• Place it seem-side down into a loaf pan (I tend to spray my loaf pans with oil and then lightly flour them so the dough doesn't stick, but this might be overkill).
  • Let the dough rise for another 2 hours in the loaf pan.
  • 30 minutes before you're ready to bake, preheat the oven to 425 degrees F. If you would like to bake under steam, prepare whatever you will use for steam (this is not really necessary, but I baked it under steam).
  • When ready to bake, turn the oven down to 350 degrees F and place it in the oven for 20 minutes. At the 20 minute mark, take off the steam (if you chose to use it), and rotate the pan 180 degrees. Then bake for another 20 minutes (so 40 minutes altogether).
  • Check the loaf to make sure it's at least 190 degrees F.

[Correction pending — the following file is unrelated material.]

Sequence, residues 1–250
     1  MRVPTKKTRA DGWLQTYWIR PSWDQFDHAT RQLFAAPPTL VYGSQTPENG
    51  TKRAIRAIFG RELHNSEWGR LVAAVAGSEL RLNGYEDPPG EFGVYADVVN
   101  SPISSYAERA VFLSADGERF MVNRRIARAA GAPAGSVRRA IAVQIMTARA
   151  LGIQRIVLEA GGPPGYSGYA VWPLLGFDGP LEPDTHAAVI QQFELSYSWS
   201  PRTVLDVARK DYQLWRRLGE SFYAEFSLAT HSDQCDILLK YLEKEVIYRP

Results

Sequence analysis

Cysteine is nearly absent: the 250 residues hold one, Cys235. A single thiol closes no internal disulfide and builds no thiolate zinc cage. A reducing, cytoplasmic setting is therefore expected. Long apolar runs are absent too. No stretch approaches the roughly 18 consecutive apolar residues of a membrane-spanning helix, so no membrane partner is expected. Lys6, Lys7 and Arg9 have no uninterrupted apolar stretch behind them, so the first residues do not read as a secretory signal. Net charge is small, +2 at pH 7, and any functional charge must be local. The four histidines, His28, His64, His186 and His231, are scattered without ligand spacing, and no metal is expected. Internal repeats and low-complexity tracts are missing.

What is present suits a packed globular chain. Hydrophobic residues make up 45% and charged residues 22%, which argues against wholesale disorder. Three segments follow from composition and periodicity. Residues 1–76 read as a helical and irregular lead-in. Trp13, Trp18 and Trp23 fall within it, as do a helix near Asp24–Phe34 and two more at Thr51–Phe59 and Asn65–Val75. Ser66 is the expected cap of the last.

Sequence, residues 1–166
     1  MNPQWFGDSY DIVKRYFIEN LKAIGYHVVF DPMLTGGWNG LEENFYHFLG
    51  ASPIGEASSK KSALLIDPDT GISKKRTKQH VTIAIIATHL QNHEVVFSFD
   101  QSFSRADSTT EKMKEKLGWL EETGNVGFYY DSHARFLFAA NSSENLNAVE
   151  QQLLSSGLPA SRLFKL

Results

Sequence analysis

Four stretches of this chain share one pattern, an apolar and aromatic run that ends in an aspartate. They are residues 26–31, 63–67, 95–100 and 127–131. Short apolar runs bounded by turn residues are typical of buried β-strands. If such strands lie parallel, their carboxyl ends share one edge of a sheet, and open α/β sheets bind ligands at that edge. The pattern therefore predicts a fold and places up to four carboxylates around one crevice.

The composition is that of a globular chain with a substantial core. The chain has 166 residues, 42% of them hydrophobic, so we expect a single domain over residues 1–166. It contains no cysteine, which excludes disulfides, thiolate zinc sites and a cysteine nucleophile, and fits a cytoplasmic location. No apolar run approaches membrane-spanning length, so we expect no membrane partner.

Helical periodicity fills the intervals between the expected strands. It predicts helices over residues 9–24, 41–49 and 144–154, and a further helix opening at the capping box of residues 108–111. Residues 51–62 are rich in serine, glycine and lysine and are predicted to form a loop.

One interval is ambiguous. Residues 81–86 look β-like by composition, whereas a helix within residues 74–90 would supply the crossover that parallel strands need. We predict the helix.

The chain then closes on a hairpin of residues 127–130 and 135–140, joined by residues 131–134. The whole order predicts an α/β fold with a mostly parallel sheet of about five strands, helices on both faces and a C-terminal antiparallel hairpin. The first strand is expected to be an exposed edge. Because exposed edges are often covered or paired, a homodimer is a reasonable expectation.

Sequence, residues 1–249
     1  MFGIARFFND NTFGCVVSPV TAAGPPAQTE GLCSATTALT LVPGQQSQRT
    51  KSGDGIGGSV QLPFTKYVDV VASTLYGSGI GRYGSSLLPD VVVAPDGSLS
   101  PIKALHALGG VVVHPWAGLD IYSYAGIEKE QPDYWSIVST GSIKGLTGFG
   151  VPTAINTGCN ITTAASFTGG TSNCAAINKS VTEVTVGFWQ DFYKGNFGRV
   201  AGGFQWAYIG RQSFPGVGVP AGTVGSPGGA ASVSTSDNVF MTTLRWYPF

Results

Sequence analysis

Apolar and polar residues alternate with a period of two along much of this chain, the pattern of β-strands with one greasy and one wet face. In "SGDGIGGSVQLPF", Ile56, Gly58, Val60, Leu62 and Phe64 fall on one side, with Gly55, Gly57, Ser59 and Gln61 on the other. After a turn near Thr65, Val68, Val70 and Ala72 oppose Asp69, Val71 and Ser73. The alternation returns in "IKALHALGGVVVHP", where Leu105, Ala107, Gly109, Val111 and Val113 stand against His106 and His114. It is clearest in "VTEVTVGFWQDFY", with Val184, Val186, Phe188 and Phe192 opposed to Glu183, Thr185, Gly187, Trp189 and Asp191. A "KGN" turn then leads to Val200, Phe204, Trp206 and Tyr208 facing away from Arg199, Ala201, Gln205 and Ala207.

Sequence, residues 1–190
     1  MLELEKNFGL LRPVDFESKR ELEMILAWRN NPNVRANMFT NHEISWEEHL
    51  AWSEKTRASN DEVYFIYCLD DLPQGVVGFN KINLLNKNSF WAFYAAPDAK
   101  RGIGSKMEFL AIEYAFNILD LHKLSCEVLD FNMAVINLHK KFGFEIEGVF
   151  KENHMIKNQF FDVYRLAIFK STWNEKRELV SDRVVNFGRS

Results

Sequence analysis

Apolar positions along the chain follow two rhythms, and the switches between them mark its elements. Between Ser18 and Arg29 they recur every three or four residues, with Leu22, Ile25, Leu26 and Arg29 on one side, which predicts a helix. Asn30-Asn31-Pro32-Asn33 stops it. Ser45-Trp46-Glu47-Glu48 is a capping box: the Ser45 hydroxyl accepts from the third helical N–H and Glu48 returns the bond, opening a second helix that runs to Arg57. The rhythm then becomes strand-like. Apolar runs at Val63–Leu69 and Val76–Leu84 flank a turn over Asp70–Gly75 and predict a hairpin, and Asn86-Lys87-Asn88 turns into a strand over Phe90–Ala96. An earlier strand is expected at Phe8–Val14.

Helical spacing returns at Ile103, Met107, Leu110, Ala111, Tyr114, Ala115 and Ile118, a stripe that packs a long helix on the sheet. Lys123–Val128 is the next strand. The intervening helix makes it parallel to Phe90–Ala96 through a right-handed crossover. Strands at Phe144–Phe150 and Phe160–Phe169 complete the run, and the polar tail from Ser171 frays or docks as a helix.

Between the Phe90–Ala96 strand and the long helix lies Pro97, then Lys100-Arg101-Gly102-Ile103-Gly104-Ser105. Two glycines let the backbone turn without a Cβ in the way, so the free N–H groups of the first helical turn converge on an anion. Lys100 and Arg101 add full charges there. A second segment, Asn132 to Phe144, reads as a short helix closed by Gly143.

• Transfer the bread to a cooling rack and cool for at least 1 hours before slicing and serving.

Review of Oat Bran Broom Bread: 3 Stars
One of the things that really bothers me about this book is that Reinhart puts absolutely absurd amounts of yeast in everything. It's really unnecessary and it doesn't give the dough the time to develop that wonderful flavor. With bread, quick and delicious very rarely coincide (except maybe with sourdough crumpets). So I slowed this bread down. But even then, it didn't have the flavor I wanted. I need to play with the recipe.

Furthermore, the bread doesn't taste anything like oats. The oat bran in it is minimal. I've decided I will rewrite the recipe and try again.

Tuesday, February 5, 2013

More on English Muffins

Sourdough English Muffins; Photocredit: Sue
Sue posted an amazing set of pictures, along with her recipe for English Muffins. Her muffins, made with commercial yeast, were fast and easy and they tasted delicious. She added buckwheat and oat for that extra bit of flavor and I think it really kicked her muffins up a notch. You can also try my recipe here.

Monday, February 4, 2013

The Confession: More on Oat Bread

Oat Bread; Photocredit: Servia